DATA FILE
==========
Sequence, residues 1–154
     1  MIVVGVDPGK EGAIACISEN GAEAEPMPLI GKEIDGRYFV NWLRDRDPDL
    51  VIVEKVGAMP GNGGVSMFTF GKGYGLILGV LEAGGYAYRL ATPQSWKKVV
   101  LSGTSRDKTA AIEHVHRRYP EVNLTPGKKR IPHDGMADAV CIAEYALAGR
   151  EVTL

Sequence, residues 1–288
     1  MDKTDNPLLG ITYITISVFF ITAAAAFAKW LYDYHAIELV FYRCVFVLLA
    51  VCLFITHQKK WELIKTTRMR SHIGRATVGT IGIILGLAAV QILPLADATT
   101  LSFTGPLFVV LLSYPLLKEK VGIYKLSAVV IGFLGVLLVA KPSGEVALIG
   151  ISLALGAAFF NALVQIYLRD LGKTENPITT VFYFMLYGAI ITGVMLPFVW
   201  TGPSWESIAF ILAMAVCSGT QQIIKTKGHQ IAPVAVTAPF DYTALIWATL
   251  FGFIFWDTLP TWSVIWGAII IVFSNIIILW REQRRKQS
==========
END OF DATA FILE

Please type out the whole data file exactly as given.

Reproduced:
Sequence, residues 1–154
     1  MIVVGVDPGK EGAIACISEN GAEAEPMPLI GKEIDGRYFV NWLRDRDPDL
    51  VIVEKVGAMP GNGGVSMFTF GKGYGLILGV LEAGGYAYRL ATPQSWKKVV
   101  LSGTSRDKTA AIEHVHRRYP EVNLTPGKKR IPHDGMADAV CIAEYALAGR
   151  EVTL

Sequence, residues 1–288
     1  MDKTDNPLLG ITYITISVFF ITAAAAFAKW LYDYHAIELV FYRCVFVLLA
    51  VCLFITHQKK WELIKTTRMR SHIGRATVGT IGIILGLAAV QILPLADATT
   101  LSFTGPLFVV LLSYPLLKEK VGIYKLSAVV IGFLGVLLVA KPSGEVALIG
   151  ISLALGAAFF NALVQIYLRD LGKTENPITT VFYFMLYGAI ITGVMLPFVW
   201  TGPSWESIAF ILAMAVCSGT QQIIKTKGHQ IAPVAVTAPF DYTALIWATL
   251  FGFIFWDTLP TWSVIWGAII IVFSNIIILW REQRRKQS